A waterfront reserve containing some campers and caravanners grabbed our attention because we are always on the lookout for free camping areas so we drove in and had a look around. Suddenly the rear wheel started to shudder and the whole van was shaking. The reserve was nice and grassy so we pulled over in an open area and got out to have a look. Sure enough, the rear RHS tyre had developed a pneumatic aneurysm. Now, if this ever happens to you, change the tyre immediately - we did not.

For some reason we decided to get back in the van and drive to the few hundred metres to the ferry. We started the engine and moved about 10 metres when there was an almighty bang. We knew what it was straight away but pretty much all the campers came out wondering what blew up. We then got to work jacking the van up and removing the flat tyre and unbolting the spare off the bull bar. Just as we were finishing up it started raining so we got in and headed towards the ferry. We made a mental note that we needed to stop in at a tyre shop asap as it was our only spare.

After a short but pleasant ferry crossing we were at Point Malcolm. There was a lighthouse on the point which is interesting because it isn't on the ocean, it's 15-20km inland marking the entry to Lake Albert from Lake Alexandrina. From here it was a short drive to the Princes Hwy and the town of Wellington. We were getting quite hungry so we checked out a few towns on the way but it wasn't until Strathalbyn that we managed to grab some food. Strathalbyn was nice, we would have liked to have a bit more of a look around but it was nearly sunset and we were tired.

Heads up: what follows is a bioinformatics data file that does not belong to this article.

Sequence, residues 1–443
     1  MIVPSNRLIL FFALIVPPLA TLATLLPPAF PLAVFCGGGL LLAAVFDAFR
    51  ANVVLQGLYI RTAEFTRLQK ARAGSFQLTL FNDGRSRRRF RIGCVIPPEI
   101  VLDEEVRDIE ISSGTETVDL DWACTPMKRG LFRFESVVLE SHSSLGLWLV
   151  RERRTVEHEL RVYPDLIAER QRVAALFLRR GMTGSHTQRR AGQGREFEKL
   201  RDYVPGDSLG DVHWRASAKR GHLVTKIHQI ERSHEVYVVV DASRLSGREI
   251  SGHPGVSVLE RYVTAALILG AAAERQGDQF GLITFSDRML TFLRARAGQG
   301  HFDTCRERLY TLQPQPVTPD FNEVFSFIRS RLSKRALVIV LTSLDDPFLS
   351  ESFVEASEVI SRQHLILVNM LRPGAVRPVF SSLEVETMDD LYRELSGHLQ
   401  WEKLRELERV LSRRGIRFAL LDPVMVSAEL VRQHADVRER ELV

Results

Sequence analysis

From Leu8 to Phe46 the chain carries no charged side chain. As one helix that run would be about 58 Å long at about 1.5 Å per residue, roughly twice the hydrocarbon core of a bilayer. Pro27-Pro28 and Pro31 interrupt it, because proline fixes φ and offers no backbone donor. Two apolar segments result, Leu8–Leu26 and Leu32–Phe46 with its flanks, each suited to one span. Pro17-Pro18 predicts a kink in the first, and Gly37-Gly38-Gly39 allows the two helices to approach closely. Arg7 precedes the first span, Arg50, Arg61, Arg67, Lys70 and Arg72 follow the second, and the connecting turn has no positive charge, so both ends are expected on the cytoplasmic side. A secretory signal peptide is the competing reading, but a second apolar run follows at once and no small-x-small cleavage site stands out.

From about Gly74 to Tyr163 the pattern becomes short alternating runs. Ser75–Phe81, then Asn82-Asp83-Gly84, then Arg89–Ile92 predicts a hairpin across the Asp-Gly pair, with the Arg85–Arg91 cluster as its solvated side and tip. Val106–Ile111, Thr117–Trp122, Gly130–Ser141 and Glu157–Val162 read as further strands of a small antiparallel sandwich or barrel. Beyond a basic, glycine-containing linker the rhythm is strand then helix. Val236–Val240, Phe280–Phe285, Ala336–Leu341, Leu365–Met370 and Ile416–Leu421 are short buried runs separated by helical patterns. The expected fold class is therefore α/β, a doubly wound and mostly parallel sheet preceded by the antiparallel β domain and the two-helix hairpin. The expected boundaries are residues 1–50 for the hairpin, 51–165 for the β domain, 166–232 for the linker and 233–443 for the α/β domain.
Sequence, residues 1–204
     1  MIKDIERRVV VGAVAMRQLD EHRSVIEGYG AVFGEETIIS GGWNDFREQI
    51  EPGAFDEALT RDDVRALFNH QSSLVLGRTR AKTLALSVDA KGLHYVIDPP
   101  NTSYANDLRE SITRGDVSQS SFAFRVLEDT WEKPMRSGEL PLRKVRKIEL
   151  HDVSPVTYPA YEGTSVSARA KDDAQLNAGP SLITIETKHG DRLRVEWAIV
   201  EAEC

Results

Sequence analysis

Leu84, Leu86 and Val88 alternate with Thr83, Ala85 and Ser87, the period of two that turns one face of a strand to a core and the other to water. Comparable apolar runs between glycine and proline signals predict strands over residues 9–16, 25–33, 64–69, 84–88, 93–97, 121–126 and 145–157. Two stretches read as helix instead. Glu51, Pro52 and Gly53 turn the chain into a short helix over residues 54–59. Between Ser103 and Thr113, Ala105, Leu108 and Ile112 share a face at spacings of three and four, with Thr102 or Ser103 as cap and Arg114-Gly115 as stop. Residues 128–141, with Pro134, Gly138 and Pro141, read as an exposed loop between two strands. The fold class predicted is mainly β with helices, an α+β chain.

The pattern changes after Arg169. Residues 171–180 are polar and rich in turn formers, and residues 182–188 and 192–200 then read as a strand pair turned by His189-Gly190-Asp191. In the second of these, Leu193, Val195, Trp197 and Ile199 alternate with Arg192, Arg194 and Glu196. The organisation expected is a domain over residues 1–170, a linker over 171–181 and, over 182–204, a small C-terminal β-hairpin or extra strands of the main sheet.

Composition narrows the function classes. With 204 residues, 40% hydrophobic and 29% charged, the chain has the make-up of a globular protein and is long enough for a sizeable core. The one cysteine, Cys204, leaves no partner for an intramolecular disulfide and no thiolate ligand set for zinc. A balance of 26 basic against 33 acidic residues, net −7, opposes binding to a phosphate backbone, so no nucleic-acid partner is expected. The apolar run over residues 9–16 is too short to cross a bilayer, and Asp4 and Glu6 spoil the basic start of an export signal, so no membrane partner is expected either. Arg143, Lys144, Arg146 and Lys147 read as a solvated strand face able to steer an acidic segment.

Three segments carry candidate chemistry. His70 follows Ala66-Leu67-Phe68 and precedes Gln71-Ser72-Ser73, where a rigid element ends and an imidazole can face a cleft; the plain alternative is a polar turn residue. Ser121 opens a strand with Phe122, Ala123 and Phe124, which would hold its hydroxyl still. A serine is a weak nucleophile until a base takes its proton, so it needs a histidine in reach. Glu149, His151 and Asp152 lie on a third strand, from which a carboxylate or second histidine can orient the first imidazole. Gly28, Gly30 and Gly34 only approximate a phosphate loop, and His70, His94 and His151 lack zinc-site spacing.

We got to Goolwa which has the bridge to Hindmarsh Island so the plan was to find somewhere to camp on the island. We were pretty horrified at how destroyed Hindmarsh Island is. There is not much natural bushland. The caravan park looked like a dive so we skipped straight past it. We drove all over the island trying to find somewhere else but it is too populated and developed to have a free campground so we changed our plans and thought we'd find somewhere nice out of the six caravan parks in the GPS. After driving around until dark we couldn't find anywhere decent enough. They were either too claustrophobic or too crowded. By now we were really tired and it was completely dark and had to keep driving to Port Elliot, Hayborough and Victor Harbour - all disappointing us with their caravan park or campground offerings.

Rather than press on further to Encounter Bay, we took a punt and decided that we'd trust the Big 4 in Port Elliot to be a decent place.  We caught the owner just as he was turning off the lights and were more than happy with the place. He told us we could camp anywhere we wanted so we drove around the hectares of grounds they had and found a quiet spot away from the crowds. We had power for heating and the showers were extremely hot, plus all digital tv channels and internet. After an exhausting day, once I had eaten dinner I was rendered useless. I fell asleep with the ocean sounding quite fierce due to the south facing headland taking the full brunt of the roaring forties coming up from the Great Australian Bight which ensured a good night's sleep.